/ Art



Titanic Sinclair vividly remembers the first moment he surfed the web. “I was on the old Windows, and we had a tiny little computer in our kitchen, because in the ’90s, people put their computers in the kitchen for some reason,” he says. “I remember my father saying, ‘All the information you’ll ever need is right here. It’s like a library, but through these wires.’ I remember thinking that was so insane.” Flash forward a couple of decades to today, where Sinclair, a multimedia artist, songwriter and director, has mastered the art of creating buzzy, addictive, eminently consumable content. And he’s just getting started.

Sinclair grew up in Michigan (“There was a lot of gang violence—it was a post General Motors wasteland,” he recalls), where he got his hands on a video camera at age 8, thanks to family members who worked at a local news station. “I was always making little movies and short films, but I never imagined I’d end up making things that people actually watch,” he says. People are certainly watching: Sinclair racks up hundreds of thousands of views for his odd (and oddly soothing) personal YouTube videos. In one, he stands awkwardly in a suit holding a microphone while discussing his Steve Madden shoes; in another, he sits on a stool and quietly eats a pretzel. Given that Sinclair seems to have been born for this era, it’s no surprise that he and Garrett Borns (aka BØRNS) met on Twitter: “That’s the most natural place to meet him,” says BØRNS, “because he has created this world within the internet that basically is the internet.”

But the scope of Sinclair’s work is broader than his personal vids. He’s a songwriter, a screenwriter, a visual artist and one of the masterminds behind the videos for Poppy, a diminutive blonde singer whose Instagram presence has garnered nearly as much attention as her music. In one short video, she just marvels at the sight of her own gloves—it has been viewed more than 500,000 times. (There are entire Reddit threads devoted to sussing out whether she’s in the Illuminati or an android.) Sinclair and Poppy met through the L.A. songwriting community and clicked immediately—he’s worked on her music videos and the odd short films she frequently releases. “Our work together has gained a really big audience,” he says. “A quarter of a billion people have watched our videos. So if there’s 8 billion people in the world, that makes 1/32nd of the planet has seen one of them. It’s just mind blowing.”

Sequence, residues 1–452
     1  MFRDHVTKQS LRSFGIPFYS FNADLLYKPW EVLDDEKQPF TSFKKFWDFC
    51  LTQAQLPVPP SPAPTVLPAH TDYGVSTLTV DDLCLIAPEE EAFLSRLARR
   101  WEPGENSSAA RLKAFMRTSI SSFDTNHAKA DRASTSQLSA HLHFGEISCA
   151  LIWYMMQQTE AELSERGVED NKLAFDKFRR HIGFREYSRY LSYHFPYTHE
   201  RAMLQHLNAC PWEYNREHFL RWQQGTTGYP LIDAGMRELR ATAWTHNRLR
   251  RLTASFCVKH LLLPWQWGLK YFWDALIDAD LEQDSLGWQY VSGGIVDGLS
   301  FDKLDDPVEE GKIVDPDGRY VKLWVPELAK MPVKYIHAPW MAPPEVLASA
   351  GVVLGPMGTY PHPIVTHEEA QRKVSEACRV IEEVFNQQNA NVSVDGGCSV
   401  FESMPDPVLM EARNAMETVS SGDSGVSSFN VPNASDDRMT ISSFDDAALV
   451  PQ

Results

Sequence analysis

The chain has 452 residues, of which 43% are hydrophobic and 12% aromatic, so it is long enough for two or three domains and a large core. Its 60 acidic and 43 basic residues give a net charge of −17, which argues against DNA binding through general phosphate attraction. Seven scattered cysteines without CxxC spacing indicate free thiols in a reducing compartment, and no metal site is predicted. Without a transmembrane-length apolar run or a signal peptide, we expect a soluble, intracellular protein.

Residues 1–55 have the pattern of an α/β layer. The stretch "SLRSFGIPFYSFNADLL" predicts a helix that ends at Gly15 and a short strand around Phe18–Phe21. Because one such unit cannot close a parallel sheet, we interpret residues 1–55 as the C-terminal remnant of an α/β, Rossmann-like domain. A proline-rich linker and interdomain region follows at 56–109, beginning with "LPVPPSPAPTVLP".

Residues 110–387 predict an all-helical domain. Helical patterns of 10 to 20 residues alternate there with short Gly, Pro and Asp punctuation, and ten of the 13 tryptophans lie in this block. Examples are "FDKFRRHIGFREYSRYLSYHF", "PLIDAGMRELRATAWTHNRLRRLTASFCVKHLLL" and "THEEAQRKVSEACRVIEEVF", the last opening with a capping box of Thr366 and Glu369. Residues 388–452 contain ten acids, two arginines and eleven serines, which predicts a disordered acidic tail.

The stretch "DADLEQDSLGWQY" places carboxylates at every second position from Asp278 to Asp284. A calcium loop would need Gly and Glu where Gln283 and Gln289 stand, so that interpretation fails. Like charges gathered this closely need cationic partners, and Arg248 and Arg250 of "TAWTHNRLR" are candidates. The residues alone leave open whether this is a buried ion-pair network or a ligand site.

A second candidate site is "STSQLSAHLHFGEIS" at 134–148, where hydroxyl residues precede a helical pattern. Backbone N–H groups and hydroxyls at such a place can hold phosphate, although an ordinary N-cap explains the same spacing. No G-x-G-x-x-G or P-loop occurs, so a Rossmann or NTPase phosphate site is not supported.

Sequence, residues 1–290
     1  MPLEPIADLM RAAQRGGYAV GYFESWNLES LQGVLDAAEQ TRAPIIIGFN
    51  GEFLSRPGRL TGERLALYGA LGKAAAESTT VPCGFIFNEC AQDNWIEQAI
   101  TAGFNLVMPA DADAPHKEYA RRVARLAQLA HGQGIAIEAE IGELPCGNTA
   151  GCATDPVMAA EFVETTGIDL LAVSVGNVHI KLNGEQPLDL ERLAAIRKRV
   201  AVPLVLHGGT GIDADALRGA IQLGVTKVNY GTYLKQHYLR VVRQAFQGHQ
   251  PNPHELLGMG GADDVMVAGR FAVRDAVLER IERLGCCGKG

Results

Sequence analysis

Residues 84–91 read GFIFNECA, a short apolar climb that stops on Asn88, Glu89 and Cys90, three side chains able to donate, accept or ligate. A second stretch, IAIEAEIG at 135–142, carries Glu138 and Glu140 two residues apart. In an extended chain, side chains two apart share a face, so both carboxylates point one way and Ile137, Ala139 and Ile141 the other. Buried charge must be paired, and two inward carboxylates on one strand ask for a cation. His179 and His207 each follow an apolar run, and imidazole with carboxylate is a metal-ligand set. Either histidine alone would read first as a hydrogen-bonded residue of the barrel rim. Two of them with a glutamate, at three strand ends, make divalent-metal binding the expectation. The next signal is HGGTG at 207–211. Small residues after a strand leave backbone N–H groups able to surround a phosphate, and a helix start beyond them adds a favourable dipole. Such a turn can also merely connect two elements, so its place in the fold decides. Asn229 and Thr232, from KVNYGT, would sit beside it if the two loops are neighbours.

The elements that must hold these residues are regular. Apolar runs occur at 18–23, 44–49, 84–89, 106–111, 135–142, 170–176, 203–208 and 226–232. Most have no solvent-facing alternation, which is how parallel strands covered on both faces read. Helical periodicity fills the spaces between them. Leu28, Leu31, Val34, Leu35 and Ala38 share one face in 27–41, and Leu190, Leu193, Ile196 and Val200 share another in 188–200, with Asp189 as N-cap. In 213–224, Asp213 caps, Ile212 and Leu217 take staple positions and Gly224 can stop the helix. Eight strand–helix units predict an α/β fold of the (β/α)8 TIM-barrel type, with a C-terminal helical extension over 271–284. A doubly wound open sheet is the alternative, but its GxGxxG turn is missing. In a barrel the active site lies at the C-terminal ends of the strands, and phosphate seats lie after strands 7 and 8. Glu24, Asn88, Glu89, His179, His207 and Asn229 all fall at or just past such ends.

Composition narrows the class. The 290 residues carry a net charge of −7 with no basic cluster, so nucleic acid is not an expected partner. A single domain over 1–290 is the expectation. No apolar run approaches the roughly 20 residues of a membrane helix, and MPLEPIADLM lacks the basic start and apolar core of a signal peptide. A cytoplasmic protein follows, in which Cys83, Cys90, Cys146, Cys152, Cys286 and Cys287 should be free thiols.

Sinclair turned 30 this year, and that big number also marked a big personal milestone. “It was the best year of my life, because years of hard work started to finally pay off. Whenever I get so exhausted that I can barely breathe, I just remind myself that I had 10 years of literally eating rice and beans and wishing and praying for a day like this. I have nothing to complain about.” And though he’s relentlessly productive (he’s currently writing “a couple of scripts” for feature-length films), if you ask Sinclair to nail down exactly what his precise job title is, even he has to pause. “In Hollywood, people always ask what you do,” he says. “And it’s really hard because I’m not even sure. I know I get bored easily, so I just like to keep learning. I want to keep making as much as I can during the very limited time we have on this planet.”